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January 1999 Vol. 14, No. 1   RSS Feed for Undercurrent Issues
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Scuba Drowning Deaths And Those Who Survive

Circumstances and Preventable Errors

from the January, 1999 issue of Undercurrent   Subscribe Now

On the surface, panic or loss of consciousness rarely leads to death, but underwater, death from drowning is often the result. In fact, panic and loss of consciousness account for up to 80 percent of recreational scuba diving deaths.

Some Australian researchers, Drs. Carl Edmonds, Douglas Walker, and Brian Scott, felt there was more to learn about the causes of these dive deaths and ways in which they might be prevented. They analyzed 100 drowning deaths and 48 neardeath accidents in which the diver survived. Their report, which appeared in the South Pacific Underwater Medicine Society Journal, forms the basis for this article. We’ve included the facts from their analysis while adding some of our own commentary.

Water Conditions

More than half the drownings and 60 percent of the near-drowning survivals occurred in calm water, although in 4 percent of the deaths, these calm conditions later deteriorated. Moderately rough seas were associated with 25 percent of deaths and 40 percent of the survivals, and very rough conditions — hardly ideal diving conditions — were associated with 15 percent of the deaths. Currents were associated with 46 percent of the deaths and 31 percent of the survivals. Almost two-thirds of the deaths occurred at depths of ten feet or less; half occurred on the surface or while ascending.

Air Supply

In all but the most extreme circumstances, there is no reason for a diver to allow his air supply to get unnecessarily low or to run out of air. Yet 60 percent of the divers who didn’t survive either were completely out of air or ran so low on air that they were unable to make a safe ascent. Survivors were more likely than non-survivors to have retained enough air to cope with an emergency. Sadly — or even stupidly — it was common for divers in both groups to ignore or pay little attention to their air gauge. (I’ve often thought that one way to prevent this is to ask divers who sign up for scuba classes if they’ve ever run out of gas while driving. Answer yes, and you’re promptly shown the door.)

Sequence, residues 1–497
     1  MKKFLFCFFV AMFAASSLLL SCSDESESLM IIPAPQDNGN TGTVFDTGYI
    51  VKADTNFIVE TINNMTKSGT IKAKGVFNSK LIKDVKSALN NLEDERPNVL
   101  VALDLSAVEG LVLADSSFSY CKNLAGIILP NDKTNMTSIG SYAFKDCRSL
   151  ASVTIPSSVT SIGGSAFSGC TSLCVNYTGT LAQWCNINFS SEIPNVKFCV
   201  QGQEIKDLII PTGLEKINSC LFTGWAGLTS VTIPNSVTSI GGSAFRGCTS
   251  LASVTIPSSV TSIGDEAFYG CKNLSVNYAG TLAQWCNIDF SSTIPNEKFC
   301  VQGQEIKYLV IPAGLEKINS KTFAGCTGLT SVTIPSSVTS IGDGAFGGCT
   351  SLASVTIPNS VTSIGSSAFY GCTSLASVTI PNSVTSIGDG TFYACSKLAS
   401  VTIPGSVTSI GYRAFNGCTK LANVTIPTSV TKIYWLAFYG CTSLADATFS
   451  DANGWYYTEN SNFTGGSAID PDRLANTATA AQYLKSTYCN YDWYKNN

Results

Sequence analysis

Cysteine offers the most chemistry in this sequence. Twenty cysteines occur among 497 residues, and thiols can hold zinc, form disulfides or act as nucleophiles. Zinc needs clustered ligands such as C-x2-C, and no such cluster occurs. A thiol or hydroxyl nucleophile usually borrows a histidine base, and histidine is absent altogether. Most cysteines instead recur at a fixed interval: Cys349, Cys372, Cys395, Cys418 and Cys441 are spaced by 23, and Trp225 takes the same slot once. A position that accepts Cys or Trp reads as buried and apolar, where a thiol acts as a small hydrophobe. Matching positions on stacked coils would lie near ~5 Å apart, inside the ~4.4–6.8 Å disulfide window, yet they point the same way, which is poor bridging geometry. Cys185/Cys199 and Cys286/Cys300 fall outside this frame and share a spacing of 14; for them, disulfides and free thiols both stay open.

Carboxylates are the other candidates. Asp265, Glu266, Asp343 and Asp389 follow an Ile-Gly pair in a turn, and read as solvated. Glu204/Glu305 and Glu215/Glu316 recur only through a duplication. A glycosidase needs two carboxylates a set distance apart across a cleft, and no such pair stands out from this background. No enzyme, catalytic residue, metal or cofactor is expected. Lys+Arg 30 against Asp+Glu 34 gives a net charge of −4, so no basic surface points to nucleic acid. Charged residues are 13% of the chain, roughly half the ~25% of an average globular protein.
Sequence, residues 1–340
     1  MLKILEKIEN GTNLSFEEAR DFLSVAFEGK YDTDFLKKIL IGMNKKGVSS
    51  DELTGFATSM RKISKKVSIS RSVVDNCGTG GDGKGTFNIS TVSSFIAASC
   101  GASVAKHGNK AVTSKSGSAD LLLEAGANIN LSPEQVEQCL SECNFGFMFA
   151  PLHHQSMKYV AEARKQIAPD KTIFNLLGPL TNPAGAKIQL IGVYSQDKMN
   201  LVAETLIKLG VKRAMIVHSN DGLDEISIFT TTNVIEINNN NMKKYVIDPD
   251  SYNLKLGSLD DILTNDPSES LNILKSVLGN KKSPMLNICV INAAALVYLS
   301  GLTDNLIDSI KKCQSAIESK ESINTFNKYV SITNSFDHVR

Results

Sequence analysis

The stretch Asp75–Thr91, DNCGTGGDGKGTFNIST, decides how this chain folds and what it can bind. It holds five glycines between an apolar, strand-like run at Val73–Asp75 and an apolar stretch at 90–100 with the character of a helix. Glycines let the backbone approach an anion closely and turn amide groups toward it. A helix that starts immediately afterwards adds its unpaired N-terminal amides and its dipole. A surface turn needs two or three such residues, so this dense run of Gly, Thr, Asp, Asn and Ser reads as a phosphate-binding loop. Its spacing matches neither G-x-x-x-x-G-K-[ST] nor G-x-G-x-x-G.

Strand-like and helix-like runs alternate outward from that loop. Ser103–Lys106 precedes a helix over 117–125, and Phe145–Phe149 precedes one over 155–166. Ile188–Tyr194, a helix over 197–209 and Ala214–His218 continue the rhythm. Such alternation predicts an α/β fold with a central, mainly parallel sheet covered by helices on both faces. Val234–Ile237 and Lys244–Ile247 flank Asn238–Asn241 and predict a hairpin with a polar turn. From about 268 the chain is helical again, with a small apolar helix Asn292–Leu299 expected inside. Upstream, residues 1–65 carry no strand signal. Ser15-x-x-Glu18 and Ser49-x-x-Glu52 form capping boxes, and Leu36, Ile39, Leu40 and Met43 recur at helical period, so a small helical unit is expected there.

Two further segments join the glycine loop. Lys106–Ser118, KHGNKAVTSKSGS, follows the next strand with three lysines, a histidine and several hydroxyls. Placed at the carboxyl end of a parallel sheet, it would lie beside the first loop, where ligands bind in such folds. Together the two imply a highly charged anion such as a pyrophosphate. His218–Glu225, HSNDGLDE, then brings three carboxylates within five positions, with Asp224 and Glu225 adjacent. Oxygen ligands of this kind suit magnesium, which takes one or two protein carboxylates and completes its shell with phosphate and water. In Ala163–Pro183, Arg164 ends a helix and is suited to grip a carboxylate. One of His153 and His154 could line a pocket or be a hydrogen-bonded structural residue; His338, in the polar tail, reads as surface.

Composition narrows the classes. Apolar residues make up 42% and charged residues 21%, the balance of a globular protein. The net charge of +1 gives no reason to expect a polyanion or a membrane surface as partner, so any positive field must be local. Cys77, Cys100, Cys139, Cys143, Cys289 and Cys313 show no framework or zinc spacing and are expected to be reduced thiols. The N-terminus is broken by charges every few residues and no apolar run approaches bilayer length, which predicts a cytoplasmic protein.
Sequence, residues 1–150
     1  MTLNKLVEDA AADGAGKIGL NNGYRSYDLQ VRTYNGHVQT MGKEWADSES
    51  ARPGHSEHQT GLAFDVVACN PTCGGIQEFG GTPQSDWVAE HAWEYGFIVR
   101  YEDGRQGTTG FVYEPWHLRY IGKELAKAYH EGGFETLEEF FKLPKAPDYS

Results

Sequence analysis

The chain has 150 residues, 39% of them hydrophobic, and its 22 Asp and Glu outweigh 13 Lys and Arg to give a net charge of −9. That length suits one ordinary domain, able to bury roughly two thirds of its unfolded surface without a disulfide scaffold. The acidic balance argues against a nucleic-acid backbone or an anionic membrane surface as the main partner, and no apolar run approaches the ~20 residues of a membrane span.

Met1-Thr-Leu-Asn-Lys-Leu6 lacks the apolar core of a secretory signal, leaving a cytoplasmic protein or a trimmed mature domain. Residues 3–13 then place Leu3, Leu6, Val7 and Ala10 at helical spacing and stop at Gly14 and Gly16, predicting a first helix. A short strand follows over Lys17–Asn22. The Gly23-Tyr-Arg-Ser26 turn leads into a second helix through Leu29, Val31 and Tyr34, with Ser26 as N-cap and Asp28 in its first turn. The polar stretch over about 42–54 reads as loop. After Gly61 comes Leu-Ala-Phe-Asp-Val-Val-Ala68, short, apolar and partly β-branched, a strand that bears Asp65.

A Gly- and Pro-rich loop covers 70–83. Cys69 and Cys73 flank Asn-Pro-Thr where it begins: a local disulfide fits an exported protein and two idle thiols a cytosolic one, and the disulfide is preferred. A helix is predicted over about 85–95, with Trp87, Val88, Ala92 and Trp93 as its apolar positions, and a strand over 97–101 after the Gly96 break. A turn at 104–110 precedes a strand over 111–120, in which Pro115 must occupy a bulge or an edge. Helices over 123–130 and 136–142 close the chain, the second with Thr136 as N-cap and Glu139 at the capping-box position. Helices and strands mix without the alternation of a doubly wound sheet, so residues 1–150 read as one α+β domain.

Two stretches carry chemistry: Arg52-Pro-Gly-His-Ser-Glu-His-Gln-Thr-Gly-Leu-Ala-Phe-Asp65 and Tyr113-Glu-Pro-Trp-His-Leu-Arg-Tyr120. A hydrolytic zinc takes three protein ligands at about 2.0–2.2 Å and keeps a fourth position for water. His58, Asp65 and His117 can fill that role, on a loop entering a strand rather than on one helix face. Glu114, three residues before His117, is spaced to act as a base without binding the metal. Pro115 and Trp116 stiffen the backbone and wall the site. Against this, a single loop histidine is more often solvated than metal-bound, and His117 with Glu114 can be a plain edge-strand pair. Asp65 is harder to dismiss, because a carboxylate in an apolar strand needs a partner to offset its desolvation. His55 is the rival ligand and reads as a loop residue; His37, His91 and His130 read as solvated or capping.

Eight percent of deaths and 13 percent of survivals were attributable to divers failing to turn on their tank valve. Although the diver had plenty of air, it was not available. Some divers who either jumped off a boat or kicked down from the surface descended as much as 10 feet before they became aware that they couldn’t suck air. In none of these cases had the diver breathed from the regulator before getting in the water, nor had there been an equipment check or a buddy-check of equipment prior to descent. In a few cases, after checking the tank pressure and turning it off, divers failed to fully turn their air back on, resulting in a partial restriction of the air supply that became obvious only later in the dive or at depth.

Buoyancy Compensators

A filled BC can keep a diver from drowning: a floating diver with his head out of the water does not drown. Yet, sizable numbers in both groups (52 percent of deaths, 32 percent of near-drowning survivals) failed to inflate their buoyancy compensators. In a few instances, the buoyancy compensator failed to inflate for mechanical reasons; this accounted for 5 percent of deaths and 8 percent of neardrowning survivals. However, it is noteworthy that 12 percent of the deaths involved divers who had inflated their buoyancy compensators, and in the survivor group, the BC was inflated by the victim or rescuer in twice as many cases as in the fatality group.


Study after study has found that divers are reluctant to drop a weight belt. After all, they cost money, and the divemaster or guide may chide divers who drop a belt. But a dropped belt may mean a fast ascent and could prevent drowning. In this study, 86 percent of the deceased divers and 74 percent of the survivors had not dropped their belts. A few unfortunate divers dropped their belts but then became entangled (deaths 3 percent, survivals 2 percent).

When the victim and buddy were both in difficulty (usually because of an air shortage), the overweighted diver tended to be the one who died, even if he was not the one whose problem developed first. Out of 14 such cases, 12 of the survivors were the buoyant diver.

— Ben Davison

Next issue: Solo Diving, Buddies, and Buddy Responses

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